On Thursday, June 2, 2005, at 6:00 P.M., the ACLU Foundation of Southern California will host its annual Torch of Liberty Awards Dinner at the Beverly Hilton hotel in Beverly Hills. The event honors individuals who have made significant contributions to the advancement of civil liberties.
Special guests will include South Park creators Trey Parker and Matt Stone and author and syndicated columnist Arianna Huffington. Stephen Colbert, correspondent for The Daily Show with Jon Stewart, will serve as emcee.
This year the ACLU Foundation of Southern California will present Torch of Liberty awards to two remarkable honorees: filmmaker and activist Lawrence Bender of Kill Bill and Good Will Hunting and Comedy Central and Spike TV President Doug Herzog.
"The Torch of Liberty Award was created to acknowledge the contributions made by individuals from the media and arts & entertainment industry whose creative and sometimes daring work affirms the democratic principles that underlie the promise of 'liberty and justice for all,'" said Ramona Ripston, executive director of the Southern California ACLU.
The event takes place Thursday, June 2, 2005, at 6:00 p.m., and will be held at the Beverly Hilton Hotel in Beverly Hills. Tickets start at $350, and all proceeds contribute to the ACLU Foundation' of Southern California's watchdog efforts. For additional ticket information call toll free: 877/225-8487.
Also expected to attend the event are: Catherine Dent ("The Shield"), Mike Farrell ("M*A*S*H") and Larry Flynt.
Lawrence Bender has served on the board of directors of the ACLU Foundation for many years, as well as the Creative Coalition, working on significant issues including First Amendment rights, arts advocacy and public education. He is active in the Christopher Reeve Paralysis Foundation. He co-founded Americans for Fuel Efficient Cars (AFEC) to help inform people about the importance of decreasing America's reliance on foreign oil. Bender's has worked to promote equal access to education and has publicly criticized Gov. Arnold Schwarzenegger's proposed 30 percent tuition increase for UC students. As a filmmaker, Bender has received numerous awards and nominations, and has also raised awareness on important issues significant to the ACLU's work, including racial justice, hate crimes, homophobia and social justice. Anatomy of a Hate Crime, depicted the brutal 1998 murder of Matthew Shepard, an openly gay college student in Wyoming, which prompted tougher hate-crime laws and earned him a nomination for a GLAAD Award. Good Will Hunting explored the devastating effects of child abuse lasting into adult life. White Man's Burden took place in alternative America where blacks are members of social elite, and whites are inhabitants of inner city neighborhoods.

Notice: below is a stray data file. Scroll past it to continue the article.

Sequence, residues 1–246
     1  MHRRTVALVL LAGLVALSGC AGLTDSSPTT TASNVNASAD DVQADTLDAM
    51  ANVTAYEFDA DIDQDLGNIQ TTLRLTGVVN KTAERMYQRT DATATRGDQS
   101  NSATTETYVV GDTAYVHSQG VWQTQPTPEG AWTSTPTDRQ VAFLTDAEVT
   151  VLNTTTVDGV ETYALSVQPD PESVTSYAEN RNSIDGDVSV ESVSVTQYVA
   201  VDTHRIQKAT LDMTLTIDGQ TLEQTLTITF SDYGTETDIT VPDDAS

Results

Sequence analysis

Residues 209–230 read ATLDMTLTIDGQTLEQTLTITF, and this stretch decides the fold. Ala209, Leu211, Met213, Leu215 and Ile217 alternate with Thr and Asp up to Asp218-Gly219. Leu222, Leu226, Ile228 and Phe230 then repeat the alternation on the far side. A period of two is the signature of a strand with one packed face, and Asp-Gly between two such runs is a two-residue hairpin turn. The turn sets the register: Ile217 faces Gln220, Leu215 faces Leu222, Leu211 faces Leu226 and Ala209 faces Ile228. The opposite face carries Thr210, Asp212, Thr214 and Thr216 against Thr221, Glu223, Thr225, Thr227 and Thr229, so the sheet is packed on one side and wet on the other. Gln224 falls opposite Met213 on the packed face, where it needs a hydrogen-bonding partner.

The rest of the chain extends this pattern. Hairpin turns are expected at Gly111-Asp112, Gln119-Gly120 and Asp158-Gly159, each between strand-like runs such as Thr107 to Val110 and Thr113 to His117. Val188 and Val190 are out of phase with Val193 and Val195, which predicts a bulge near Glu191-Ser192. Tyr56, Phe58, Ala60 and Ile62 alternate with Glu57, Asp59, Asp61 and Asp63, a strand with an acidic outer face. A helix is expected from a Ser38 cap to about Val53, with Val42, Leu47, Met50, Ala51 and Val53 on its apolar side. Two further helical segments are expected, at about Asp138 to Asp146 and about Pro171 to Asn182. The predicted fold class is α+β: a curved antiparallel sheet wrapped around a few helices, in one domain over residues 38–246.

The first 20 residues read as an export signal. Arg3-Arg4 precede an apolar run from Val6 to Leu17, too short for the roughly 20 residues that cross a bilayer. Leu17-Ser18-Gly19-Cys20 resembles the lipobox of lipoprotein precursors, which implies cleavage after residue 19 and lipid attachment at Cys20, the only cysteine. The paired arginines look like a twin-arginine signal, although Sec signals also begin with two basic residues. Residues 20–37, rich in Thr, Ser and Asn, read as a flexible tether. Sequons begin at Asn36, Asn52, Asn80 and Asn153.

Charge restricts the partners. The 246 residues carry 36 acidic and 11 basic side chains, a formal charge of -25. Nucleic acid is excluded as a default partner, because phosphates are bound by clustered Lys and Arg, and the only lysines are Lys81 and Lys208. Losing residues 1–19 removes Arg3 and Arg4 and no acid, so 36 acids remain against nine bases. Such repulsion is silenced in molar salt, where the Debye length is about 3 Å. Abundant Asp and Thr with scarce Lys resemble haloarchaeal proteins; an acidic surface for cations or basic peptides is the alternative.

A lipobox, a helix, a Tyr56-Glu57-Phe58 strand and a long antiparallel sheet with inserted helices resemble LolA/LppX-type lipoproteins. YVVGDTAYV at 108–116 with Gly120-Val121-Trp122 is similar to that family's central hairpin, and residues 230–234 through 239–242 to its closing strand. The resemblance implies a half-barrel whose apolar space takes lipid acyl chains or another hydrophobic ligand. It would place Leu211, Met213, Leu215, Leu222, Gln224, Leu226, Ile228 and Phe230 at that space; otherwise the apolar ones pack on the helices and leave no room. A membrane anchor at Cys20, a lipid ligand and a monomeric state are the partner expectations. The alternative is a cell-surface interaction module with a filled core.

In an era when many in the media and entertainment industries are limited in their thinking by advertising dollars and the heavy hand of the FCC, Doug Herzog's commitment to the First Amendment is truly admirable. During his original tenure with Comedy Central, he was responsible for Emmy and Peabody award-winning The Daily Show with Jon Stewart and South Park. The channel increased its audience for 14 consecutive quarters, proving that courageous programming can also be successful. The Daily Show with Jon Stewart has contributed to a surge of political interest for young people and has also become a major news source for younger demographics. Herzog has also always stood by South Park and its creators right to free expression. Under his direction, Comedy Central has highlighted important stars like Richard Pryor and Chris Rock. It has also showcased some of the most talented women in comedy. As a member of the board of directors of Teach for America, he proves his commitment to children and education, and to living in a just and equal society where educational inequity is a thing of the past.